By Hillary Asemota
The Senate on Tuesday approved the establishment of 6 new campuses of the Nigerian Law School across the six geo-political zones of the country.
The newly approved law schools, in addition to the 7 existing ones, bring the total number of law schools in the country to 13, excluding that of the Federal Capital Territory (FCT).
The approval of the new law schools followed the consideration of a report by the Judiciary, Human Rights and Legal Matters on the Legal Education Act (Amendment) Bill, 2021.
The bill was sponsored by Senator Smart Adeyemi (Kogi West).
Accordingly, the Senate approved the Jos Law School Campus, Plateau State; and Kabba Law School Campus, Kogi State for the North Central geo-political zone.
The chamber also gave the nod for the Yola Law School Campus, Adamawa State; and Maiduguri Law School Campus, Borno State to serve the North East zone.
In the North West, the Senate approved the Kano Law School Campus, Kano State; and Argungun Law School Campus, Kebbi State.
In the South East, the chamber gave approval for the Enugu Law School Campus; and Okija Law School Campus, Anambra State.
The Senate also approved the Yenegoa Law School Campus, Bayelsa State; Port Harcourt Law School Campus, Rivers State; and Orogun Law School Campus, Delta State for the South South zone.
In the South West, the chamber approved the Lagos Law School Campus, Lagos State; and Ilawe Law School Campus, Ekiti State.
The Bwari Law School Campus, Abuja, remains exclusively for the Federal Capital Territory.
Chairman of the Committee on Judiciary, Human Rights and Legal Matters, Senator Opeyemi Bamidele, said the creation of the 6 law schools was a legislative intervention to address “the exponential increase in the number of law graduates from our universities and foreign ones, coupled with the backlog that existed over the years.”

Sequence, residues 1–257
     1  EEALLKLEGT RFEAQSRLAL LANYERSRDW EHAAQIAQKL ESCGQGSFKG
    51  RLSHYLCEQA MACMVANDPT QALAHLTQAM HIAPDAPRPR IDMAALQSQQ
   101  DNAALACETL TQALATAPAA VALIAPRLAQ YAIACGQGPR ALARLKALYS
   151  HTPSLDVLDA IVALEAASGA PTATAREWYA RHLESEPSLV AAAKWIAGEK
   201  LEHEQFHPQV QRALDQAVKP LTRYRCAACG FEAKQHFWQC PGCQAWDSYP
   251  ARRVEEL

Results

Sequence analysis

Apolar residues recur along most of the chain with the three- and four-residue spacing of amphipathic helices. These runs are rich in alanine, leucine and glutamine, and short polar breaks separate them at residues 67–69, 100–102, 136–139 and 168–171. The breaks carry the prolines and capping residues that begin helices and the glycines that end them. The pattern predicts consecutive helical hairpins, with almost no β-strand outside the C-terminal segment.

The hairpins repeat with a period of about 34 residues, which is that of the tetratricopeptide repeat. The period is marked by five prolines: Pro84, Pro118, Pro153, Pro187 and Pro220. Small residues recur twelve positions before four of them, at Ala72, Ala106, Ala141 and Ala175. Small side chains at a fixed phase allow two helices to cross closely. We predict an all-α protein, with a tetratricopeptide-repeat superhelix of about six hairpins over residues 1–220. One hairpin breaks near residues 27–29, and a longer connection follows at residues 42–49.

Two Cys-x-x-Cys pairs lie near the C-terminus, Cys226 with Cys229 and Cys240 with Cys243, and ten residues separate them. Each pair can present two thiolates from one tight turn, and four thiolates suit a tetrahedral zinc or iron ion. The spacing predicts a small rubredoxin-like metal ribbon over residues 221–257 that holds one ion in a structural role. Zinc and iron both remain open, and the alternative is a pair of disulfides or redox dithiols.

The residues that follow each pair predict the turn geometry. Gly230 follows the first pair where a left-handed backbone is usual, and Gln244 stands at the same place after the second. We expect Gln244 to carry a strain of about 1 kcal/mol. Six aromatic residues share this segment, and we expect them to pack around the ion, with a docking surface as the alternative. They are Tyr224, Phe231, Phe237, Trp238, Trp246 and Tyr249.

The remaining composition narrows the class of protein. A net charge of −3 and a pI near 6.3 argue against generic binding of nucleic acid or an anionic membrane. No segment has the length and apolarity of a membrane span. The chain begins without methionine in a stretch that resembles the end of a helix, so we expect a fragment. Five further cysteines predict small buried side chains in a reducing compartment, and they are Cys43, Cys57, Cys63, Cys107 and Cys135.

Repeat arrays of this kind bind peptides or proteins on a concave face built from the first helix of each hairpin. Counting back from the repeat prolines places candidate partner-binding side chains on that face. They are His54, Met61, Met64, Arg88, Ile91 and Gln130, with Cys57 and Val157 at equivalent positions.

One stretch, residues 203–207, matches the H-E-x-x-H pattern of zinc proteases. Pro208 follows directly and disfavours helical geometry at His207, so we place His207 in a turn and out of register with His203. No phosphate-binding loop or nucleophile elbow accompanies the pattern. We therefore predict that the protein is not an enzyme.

According to the lawmaker, “existing campuses are overstretched and the infrastructures are not enough to accommodate thousands of law students graduating from the universities.”
He observed that the United States of America with a population of over 350 million people has about 237 law schools.
The lawmaker noted that some countries such as Canada and Australia, with far lesser population than Nigeria, have 24 and 38 law schools for a population of about 38 million and 26 million people, respectively.
He explained that the provision for additional campuses in the six geopolitical zones of the federation was appropriate as it does not tamper with the seven existing campuses established by administrative responsibilities of the Council of Legal Education.
Bamidele, therefore, advised the federal government to, as a matter of priority, provide adequate resources for the funding of the Infrastructural needs of the law campuses across the country.